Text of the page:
Son of Joseph Portelli, who died in 1834, aged 84 years, holding at the time the rank of assistant surgeon in the forces, of which life 32 years were devoted to the service of the ancient government of the Order of St John in a medical capacity, and the other 36 years, in a like capacity to the British government, a total service of 68 years.
Malta 1808 Completed an apprenticeship of four years with his father Mr Joseph Portelli, Apothecary to the General Hospital. In the year 1808-09, Gavino studied anatomy for 18 months with Mr Francesco Buttigieg, Surgeon Of Malta.
Malta 25 Mar 1809 Gavino was 15 years when he was first appointed by Warrant an Assistant Dispenser of Medicines at the General Military Hospital Valletta. Dispensers of Medicines were employed under the immediate supervision of the apothecary and were paid as purveyor's clerk. They had minimal professional qualifications.
Malta 1810 Dispenser of Medicines.
Malta June 1811 Assistant Dispenser.
Malta 2 July 1812 On six months leave in England. Gavino stated that as he was "desirous of availing of a more extended field than Malta presented for acquiring professional knowledge, I applied for leave of absence for six months, entering myself at the Westminster and St George's Hospitals London, where at considerable cost and expenditure to my father completed my studies".2 Over an 18 month period, between 1812 and 1813, Gavino enrolled in the private lectures on anatomy physiology, and surgery, given by Mr Joseph Constantine Carpue. He also attended four month courses of lectures on chemistry given by Dr Paris of London, on the theory and Practice of Physic by Dr Robert Hooper of London, and on Materia Medica and chemistry by Dr Joseph Ager. On 6 Sept 1813, he was on duty at the Duke of York Military Hospital Chelsea. (York Military hospital was the HQ to which medical officers were posted on first commissioning for instruction in army duties).
6 Sept 1813 Having passed an examination before the Army Medical Board composed of Drs Weir, Kerr, and Franklin and before the Royal College of Surgeons of London, Gavino was appointed Hospital Assistant Surgeon by commission dated 6 September 1813. He was afterwards employed at York Military Hospital Chelsea until his embarkation for Holland.
26 Nov 1813 Ordered to report to Ramsgate for foreign service.
Letter from the Army Medical Board to Inspector of Hospitals James Robert Grant dated 26 November 1813: "The under mentioned gentlemen have been ordered to Ramsgate to report themselves to you for foreign service. The gentlemen may be allowed to draw bills upon the agent for Army Hospitals at 3 days sight for pay viz the hospital assistant and mates at 7s 6d a day, and the dispensers at 6s, from the dates of their respective appointment to the 24 February next, but you will deduce the pay of the hospital assistant £4-19s-6d for the fees of their commission which must be left in the hands of Mr Window.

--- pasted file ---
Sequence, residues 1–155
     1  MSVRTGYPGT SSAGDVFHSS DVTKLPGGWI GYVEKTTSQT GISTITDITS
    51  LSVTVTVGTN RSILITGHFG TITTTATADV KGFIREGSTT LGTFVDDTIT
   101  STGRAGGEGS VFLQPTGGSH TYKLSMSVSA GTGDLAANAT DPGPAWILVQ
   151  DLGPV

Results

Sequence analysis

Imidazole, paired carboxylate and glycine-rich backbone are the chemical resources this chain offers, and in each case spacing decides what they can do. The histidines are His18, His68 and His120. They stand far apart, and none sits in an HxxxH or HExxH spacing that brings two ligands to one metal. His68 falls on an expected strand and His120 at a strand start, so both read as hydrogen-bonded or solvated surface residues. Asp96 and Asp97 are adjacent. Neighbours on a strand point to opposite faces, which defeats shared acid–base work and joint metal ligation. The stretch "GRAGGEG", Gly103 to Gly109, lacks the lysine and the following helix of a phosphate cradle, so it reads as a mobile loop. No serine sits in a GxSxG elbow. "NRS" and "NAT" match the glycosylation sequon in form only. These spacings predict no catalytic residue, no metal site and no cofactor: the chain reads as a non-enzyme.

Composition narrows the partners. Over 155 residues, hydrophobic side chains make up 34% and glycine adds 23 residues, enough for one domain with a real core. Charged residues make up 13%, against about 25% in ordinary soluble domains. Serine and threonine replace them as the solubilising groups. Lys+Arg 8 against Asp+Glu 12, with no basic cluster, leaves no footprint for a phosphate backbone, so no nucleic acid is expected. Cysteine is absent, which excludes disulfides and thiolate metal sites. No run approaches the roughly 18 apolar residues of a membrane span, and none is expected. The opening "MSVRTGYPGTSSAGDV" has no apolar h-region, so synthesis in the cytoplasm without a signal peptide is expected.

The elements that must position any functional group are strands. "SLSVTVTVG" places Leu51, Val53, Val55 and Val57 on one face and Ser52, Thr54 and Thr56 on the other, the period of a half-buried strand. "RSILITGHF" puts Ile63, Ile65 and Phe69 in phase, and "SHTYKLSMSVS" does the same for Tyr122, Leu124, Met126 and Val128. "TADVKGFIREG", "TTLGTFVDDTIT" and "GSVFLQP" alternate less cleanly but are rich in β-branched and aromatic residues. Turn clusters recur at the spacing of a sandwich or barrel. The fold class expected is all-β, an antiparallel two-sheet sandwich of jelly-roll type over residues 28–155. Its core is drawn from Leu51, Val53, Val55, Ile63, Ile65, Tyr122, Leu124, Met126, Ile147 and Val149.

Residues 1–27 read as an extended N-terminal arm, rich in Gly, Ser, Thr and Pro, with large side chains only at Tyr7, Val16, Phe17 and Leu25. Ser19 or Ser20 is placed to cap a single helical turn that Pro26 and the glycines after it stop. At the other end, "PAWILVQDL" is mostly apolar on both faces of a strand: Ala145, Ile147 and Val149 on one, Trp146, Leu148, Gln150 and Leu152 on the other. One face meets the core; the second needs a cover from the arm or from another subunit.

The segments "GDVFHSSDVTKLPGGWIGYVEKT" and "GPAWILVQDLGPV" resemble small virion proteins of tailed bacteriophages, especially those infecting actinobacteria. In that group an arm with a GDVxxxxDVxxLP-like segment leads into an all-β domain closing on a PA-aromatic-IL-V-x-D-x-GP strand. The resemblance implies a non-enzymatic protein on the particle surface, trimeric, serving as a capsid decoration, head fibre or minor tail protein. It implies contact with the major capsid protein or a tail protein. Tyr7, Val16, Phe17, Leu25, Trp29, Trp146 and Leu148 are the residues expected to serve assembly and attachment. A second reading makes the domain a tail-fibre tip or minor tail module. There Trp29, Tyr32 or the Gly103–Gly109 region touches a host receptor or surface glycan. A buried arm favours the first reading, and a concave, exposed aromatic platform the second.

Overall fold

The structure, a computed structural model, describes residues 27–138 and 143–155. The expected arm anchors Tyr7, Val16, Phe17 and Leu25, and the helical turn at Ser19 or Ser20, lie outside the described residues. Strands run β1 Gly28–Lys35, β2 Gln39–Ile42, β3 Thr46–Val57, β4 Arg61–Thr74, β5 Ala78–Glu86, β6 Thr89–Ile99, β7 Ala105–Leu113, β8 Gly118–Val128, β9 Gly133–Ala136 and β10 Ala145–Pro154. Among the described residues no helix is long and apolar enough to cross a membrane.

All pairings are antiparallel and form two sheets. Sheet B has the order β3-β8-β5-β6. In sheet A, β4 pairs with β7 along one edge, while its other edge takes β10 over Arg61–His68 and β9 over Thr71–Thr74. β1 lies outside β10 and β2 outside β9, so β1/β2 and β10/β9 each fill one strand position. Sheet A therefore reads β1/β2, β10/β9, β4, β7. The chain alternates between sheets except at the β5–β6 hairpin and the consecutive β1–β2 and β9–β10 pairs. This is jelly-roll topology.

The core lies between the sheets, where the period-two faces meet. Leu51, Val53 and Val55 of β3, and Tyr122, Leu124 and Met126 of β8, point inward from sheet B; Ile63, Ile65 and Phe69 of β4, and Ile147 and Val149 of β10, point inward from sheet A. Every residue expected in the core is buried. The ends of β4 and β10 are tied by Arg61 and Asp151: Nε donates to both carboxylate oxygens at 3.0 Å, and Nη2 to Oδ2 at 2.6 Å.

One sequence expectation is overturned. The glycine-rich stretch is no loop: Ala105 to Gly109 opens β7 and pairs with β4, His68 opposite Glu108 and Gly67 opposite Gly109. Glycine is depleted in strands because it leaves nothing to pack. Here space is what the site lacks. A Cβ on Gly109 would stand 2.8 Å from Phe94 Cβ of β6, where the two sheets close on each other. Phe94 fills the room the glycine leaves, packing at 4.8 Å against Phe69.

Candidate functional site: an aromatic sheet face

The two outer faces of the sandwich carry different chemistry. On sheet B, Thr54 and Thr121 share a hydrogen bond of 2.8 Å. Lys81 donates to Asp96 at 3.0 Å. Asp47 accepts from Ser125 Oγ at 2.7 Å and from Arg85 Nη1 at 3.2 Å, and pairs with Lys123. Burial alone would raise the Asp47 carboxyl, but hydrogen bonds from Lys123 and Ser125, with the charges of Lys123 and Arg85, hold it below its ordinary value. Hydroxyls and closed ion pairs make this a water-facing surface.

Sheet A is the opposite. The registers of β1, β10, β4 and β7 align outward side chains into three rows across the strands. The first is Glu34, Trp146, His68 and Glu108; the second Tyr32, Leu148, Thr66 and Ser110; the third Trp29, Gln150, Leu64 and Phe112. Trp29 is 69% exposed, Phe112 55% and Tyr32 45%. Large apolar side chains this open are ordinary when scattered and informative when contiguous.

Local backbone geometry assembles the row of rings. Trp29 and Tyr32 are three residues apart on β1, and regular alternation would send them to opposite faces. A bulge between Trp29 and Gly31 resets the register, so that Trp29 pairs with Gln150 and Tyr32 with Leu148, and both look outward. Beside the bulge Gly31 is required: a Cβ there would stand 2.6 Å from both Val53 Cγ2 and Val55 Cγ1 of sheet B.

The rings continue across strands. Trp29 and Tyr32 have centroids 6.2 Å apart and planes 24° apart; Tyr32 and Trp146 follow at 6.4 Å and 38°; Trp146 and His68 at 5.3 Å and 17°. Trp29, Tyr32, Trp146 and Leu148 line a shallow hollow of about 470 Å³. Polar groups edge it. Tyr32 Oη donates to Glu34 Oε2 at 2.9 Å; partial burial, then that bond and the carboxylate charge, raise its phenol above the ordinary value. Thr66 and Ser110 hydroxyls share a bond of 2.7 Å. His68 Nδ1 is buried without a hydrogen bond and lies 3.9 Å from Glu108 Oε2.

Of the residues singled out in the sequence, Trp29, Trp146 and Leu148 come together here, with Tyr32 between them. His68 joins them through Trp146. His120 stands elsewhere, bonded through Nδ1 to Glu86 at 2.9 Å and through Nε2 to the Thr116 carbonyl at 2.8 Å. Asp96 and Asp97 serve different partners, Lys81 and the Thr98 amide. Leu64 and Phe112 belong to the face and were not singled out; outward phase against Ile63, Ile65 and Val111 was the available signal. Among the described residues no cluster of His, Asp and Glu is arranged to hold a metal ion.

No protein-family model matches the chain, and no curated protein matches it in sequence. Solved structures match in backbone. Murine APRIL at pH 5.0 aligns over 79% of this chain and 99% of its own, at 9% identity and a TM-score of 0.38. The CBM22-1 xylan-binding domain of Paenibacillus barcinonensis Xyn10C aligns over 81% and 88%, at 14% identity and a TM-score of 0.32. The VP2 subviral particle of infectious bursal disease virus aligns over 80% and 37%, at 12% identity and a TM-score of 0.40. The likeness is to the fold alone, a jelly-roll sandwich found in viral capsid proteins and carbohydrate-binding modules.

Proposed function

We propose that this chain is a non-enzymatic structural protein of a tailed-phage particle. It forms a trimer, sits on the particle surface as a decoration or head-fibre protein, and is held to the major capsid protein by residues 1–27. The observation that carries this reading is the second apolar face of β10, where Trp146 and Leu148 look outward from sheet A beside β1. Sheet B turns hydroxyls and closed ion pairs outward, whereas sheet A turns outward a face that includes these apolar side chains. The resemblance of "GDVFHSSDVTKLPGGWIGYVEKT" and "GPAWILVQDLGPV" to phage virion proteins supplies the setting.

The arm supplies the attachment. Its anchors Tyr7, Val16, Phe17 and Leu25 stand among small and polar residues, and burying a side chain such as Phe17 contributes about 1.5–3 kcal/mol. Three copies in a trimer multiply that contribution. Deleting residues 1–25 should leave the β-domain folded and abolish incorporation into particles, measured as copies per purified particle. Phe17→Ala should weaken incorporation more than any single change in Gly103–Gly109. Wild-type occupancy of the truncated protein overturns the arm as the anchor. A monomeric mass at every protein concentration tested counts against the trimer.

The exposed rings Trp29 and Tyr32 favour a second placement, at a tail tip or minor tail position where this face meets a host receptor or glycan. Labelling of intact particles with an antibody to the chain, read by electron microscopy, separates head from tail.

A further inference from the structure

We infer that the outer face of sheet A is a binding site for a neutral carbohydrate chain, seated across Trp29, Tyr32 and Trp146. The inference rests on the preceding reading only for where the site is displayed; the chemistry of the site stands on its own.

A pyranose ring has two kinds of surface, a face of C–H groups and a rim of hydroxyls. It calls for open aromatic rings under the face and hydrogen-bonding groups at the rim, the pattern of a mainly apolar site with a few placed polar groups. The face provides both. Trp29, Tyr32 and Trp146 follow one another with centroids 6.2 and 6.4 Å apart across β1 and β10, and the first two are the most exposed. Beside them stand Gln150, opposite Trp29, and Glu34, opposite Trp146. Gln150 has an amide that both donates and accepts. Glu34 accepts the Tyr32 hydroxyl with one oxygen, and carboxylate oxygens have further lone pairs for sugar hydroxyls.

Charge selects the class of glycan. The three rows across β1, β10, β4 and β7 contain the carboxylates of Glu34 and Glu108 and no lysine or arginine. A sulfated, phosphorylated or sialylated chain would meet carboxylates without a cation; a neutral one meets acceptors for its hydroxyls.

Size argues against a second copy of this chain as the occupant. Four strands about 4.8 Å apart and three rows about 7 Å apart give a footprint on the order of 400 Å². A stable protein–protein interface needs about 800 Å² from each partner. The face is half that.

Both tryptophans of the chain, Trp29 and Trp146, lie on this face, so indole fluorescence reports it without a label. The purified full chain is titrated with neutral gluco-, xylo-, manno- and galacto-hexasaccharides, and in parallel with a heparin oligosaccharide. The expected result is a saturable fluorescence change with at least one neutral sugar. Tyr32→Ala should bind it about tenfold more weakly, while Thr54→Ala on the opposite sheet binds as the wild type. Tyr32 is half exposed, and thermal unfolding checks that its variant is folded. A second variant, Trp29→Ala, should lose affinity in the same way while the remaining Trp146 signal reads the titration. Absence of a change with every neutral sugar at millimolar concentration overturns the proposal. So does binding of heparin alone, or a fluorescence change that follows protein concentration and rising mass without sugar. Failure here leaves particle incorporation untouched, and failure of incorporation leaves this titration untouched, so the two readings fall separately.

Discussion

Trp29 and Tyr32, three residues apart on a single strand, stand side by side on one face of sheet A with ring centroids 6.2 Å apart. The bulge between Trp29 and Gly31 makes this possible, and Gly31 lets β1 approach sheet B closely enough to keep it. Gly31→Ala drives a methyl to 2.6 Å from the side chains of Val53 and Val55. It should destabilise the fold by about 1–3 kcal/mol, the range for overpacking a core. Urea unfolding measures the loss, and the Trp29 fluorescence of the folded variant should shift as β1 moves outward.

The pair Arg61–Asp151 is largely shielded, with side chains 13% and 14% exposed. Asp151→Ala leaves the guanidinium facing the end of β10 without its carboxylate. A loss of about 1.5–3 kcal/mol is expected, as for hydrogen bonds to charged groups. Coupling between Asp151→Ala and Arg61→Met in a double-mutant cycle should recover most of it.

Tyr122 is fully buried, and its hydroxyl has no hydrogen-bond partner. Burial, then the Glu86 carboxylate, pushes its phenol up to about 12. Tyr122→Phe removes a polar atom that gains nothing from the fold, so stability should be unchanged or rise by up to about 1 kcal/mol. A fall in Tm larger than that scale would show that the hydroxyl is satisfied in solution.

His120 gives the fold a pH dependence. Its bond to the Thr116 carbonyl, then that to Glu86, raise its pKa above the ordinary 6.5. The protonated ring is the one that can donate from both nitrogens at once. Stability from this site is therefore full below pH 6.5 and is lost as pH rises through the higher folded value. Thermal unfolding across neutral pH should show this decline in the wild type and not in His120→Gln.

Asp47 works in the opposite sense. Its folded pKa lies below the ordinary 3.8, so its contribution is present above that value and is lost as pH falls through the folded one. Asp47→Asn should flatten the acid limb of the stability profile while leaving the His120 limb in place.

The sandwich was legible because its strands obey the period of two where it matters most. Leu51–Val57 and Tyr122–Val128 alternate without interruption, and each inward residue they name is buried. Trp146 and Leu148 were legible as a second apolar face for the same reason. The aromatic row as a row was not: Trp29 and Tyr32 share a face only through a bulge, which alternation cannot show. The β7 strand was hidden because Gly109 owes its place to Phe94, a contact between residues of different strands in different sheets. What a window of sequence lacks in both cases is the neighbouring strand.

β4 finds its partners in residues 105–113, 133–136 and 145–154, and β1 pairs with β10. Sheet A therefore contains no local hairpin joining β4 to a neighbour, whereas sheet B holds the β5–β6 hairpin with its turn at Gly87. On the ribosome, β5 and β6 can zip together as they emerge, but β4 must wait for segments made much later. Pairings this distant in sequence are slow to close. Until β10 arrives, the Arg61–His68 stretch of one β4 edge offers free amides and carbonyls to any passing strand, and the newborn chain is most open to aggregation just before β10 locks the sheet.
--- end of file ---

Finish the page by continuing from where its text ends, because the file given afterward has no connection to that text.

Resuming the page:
Embarked at Ramsgate on Sir Thomas Graham's Expedition to Bergen–op–Zoom. The attempt on Bergen-op-Zoom on the night of 8 and the morning of 9 March 1814, ended in failure with severe loss to the First Division. Gavino was reported to have been slightly injured on this expedition6. On 19 March 1814, there were still 19 men in the hospital at Bergen-op-Zoom, whereas all the rest of the wounded had been moved out of the town. After the storming of Bergen–Op–Zoom, Gavino returned to York Hospital in medical charge of the wounded men of different regiments. He then joined the depot at the Isle of Wight, where he was ordered by the PMO to be on duty at Albany Hospital. He remained here until his passage to Malta.
Malta 26 May 1814 Commissioned, without purchase, assistant surgeon 2nd/10th (North Lincolnshire) Regiment of Foot. Gavino first appears in the Muster Book 10th Foot on 25 September 1814. The "statement of the regimental stoppages for provisions for commissioned officers" serving with the battalion lists 60 days of stoppage from pay of 2 1/2d per day. His pay was 12s 6d a day.
|Stoppage from /to||No of days||Rate/day||Total|
|Regulated stoppages for commissioned officers.|
|26 Oct 1814 - 24 Dec 1814||60||2 1/2d||12s 6d|
|25 Dec 1814 - 24 Mar 1815||90||2 1/2d||18s 9d|
|25 Mar - 24 June 1815||92||2 1/2d||19s 2d|
|25 Dec 1815 - 24 Mar 1816||91||2 1/2d||18s 11 1/2d|